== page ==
The smartest comics know how to work both sides of the room. New York City comic Shaun Eli admits it's self-serving. "If you bash women at a comedy club and half the people there are on dates, the women aren't going to laugh, and the men are going to realise their girlfriends aren't laughing, so they're not going to laugh," he says. "You alienate the audience." Consequently, Eli, who has braved the stage since 2003, avoids put-downs and instead tees off on quirky news items, like "In Florida, three masked men stole $4 million in coins. They were described as armed and extremely sore."

Men vs women
But why are women so selective, and why do guys laugh at pretty much . . . anything? To get an answer, I described my Jackass viewing experience to Regina Barreca, a professor of English literature and feminist theory at the University of Connecticut. She has made a career of studying men and women and humour, so I thought she would know. "You mean Jackass, the movie?" she said with more than a touch of sarcasm. "I love that. I guess you don't confuse it with Jackass, the opera, or Jackass, the ballet."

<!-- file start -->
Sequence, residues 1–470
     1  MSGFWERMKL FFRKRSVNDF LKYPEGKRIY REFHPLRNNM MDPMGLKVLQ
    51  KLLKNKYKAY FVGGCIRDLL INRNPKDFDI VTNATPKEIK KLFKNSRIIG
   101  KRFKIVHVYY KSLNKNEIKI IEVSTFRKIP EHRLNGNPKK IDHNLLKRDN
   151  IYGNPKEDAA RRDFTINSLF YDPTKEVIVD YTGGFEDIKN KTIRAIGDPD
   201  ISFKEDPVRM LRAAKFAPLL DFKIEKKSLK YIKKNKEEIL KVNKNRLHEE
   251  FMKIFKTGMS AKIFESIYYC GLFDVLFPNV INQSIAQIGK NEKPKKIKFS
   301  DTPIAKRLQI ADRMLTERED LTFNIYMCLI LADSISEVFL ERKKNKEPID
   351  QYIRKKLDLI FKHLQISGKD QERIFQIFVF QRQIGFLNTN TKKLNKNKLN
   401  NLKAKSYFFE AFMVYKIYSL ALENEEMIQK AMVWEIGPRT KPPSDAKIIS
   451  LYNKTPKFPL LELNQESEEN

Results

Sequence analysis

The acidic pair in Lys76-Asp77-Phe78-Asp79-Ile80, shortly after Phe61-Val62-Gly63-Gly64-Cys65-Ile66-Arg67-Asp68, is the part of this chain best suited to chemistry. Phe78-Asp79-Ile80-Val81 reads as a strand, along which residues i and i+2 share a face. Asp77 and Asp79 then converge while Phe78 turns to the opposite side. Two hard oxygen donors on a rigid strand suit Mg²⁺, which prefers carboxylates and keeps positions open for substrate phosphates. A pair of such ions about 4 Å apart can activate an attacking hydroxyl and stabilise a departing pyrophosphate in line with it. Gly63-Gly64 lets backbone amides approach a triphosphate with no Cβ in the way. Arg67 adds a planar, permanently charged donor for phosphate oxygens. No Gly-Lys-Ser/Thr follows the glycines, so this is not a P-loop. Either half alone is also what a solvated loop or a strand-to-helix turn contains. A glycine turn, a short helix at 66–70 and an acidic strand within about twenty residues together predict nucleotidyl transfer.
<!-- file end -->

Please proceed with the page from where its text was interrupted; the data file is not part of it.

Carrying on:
I defensively tried to deconstruct the funniness of a dude clinging to a rope with a dead chicken hanging off him but didn't make much headway. I was laughing too hard.

Women may bash men for having the sense of humour of a nine-year-old boy, but men strike right back, accusing women of having no sense of humour at all. It's a misperception, Barreca says, based on three things. One is that women don't like crude. "We don't do eye-poking, head-slamming humour. No woman has gone up to another woman and said, 'Pull my finger'."

Second, women don't tell jokes. They tell stories. When a woman says, "I have something funny to tell you," if you're smart, you'll sit down, because you're going to be there for a long, long time.

Third, women don't enjoy humour that makes fun of others' physical shortcomings. By contrast, men make fun of just about everyone. "Men taunt other men with clever nicknames and insults," says John Morreall, a humour expert at the College of William and Mary. "That isn't something women do." There's a joke on that goes, "If Laura, Suzanne, Debra and Rose go out for lunch, they will call one another Laura, Suzanne, Debra and Rose. If Mike, Charlie, Bob and John go out, they will affectionately refer to one another as Fat Boy, Godzilla, Peanut-Head and Scrappy."